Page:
June 21, 1988
There are leaks in the Pentagon and they're not the kind the Reaganisti are always worrying about. Nobody has let the people know how their money is being legitimately wasted. The place is leaking cash. Somebody's been copping it. It appears that some Pentagon officials, members of Congress and their staffs and anybody else who can do a military contractor some good have been accepting illegal payoffs. That's not much of a surprise. With all the money thrown at the Pentagon in the last seven years, someone was sure to start stealing sooner or later.
May 29, 1986
When the Pentagon wants a few dumpsters full of money, what it generally does is come up with a weapons system. That is some fantastically expensive killing device that may or may not work, but puts on a good show for visitors from Congress. In times when money's especially tight, the Pentagon then makes any savings and cuts in less obvious places, like fuel, ammunition and maintenance to make those fancy weapons work. It is a remarkably short-sighted and ineffective way to do business.
February 13, 1991 |
The Pentagon is spending billions of dollars in the Persian Gulf under an obscure Civil War statute that allowed Union soldiers to steal grain for their horses. The Pentagon says the statute - the Feed and Forage Act of 1861 - permits it to spend money Congress never put in the military budget. "We are entitled to spend more money than has been appropriated by the Congress," Pentagon spokesman Pete Williams said yesterday. Williams said the Army, for example, would exhaust the year's $22.5 billion operations and maintenance account by April - six months early - unless the Pentagon invoked the 130-year-old law. The Constitution says: "No money shall be drawn from the Treasury, but in consequence of appropriations made by law. " The Pentagon has used the 1861 law since August to fund its operations in the Persian Gulf.
September 19, 1987 |
Less than three hours after President Reagan announced a tentative arms control pact with the Soviet Union, Defense Secretary Caspar W. Weinberger yesterday publicly ordered tests begun on the hardware that might be used in the first phase of the Strategic Defense Initiative. The Soviet Union has vigorously opposed SDI - a space-based missile-shield program popularly known as "Star Wars. " "There may have been people in Washington who would have preferred that it not be announced while the Soviets were in meetings here," said Pentagon spokesman Robert Sims.
December 10, 1987 |
A top marshal of the Soviet Union went to the citadel of American military power yesterday and talked about "Star Wars. " It was another summit precedent-setter. Marshal Sergei F. Akhromeyev, chief of the Soviet general staff and military adviser to Mikhail S. Gorbachev, was the highest ranking Soviet, and one of the few of any rank, ever to set foot in the Pentagon. He was scheduled to go back today for breakfast and a meeting with the U.S. military chiefs. Pentagon officials declined to discuss the outcome of the meeting between Carlucci and Akhromeyev.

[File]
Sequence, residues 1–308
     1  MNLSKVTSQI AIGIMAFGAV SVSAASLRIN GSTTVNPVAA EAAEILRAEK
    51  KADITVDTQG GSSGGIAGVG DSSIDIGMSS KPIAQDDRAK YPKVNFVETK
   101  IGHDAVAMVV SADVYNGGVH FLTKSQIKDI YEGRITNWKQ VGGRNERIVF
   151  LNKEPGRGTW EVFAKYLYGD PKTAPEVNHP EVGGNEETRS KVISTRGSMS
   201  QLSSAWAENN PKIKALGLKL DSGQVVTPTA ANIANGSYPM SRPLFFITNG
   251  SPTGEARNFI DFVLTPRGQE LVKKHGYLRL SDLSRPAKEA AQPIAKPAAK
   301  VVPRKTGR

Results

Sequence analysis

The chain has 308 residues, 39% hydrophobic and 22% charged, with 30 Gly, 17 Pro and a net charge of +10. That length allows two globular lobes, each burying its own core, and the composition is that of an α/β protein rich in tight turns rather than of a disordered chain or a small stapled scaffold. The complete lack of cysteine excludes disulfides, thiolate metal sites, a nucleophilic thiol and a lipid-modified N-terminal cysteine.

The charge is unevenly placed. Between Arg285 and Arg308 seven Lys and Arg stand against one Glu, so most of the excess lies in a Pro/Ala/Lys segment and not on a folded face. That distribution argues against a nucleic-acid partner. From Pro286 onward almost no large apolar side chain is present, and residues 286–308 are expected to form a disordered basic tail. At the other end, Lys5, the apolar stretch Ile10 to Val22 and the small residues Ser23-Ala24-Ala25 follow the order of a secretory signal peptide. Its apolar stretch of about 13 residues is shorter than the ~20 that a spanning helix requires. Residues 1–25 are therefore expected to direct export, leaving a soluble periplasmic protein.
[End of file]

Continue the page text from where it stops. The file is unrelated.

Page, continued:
April 3, 1990 |
When spring arrived last month, so did a 135,000-lire bonus for the Pentagon's workers in Italy - $108 at current exchange rates. And when autumn rolls around, the Italians will find a similar premium in their paychecks. That is on top of their Christmas bonus of a month's pay, averaging more than $1,900, and the additional month's pay each receives at vacation time. In West Germany, the Pentagon's native workers get a Christmas bonus averaging almost $1,750 - along with an annual vacation bonus averaging $550.
October 17, 2007
LETTER-writer Mark Walker makes a snide comment regarding the lack of photos of Flight 77 crashing into the Pentagon on 9/11 by pointing out how clear the security-camera photos of a shoplifting incident at a local Sears are. Because the crashes in New York were well photographed, it seems odd to some that Flight 77's crash into the Pentagon was not equally well photographed. Consider that we have no photos of the Titanic actually hitting an iceberg, so why do we accept that as fact?
February 18, 1990 |
Learning that the Defense Department may have stored away $30 billion worth of things it doesn't need made me feel a lot better about my basement. We don't have anywhere near $30 billion worth of stuff down there. In fact, according to the lowest estimate - that would be my wife's - what we have in our basement has no monetary value at all. She didn't actually prepare a formal estimate with hard numbers; I've put them together by extrapolation from the phrase "a bunch of worthless junk.
June 18, 1987 |
The nation's biggest defense contractors may have overcharged the Pentagon by $4 billion - and potentially much more - using computerized accounting systems that do not adequately protect the government's interests, according to Defense Department auditors. The Defense Contract Audit Agency, in its first written assessment of the excess charges, released a document yesterday estimating that improper charges ranging from $20 million to $500 million may have been realized by each of 200 contractors in recent years.
April 12, 2013 |
WASHINGTON - Senior Pentagon leaders are taking another look at sharply reducing the number of unpaid furlough days that department civilians will have to take in the coming months, suggesting they may be able to cut the number from 14 to as few as seven, defense officials said Thursday. If the number is reduced, it would be the second time the Pentagon has cut the number of furlough days. It had initially been set at 22 days. The officials say no decision has been made and that they are not ruling out efforts to drop the furloughs entirely.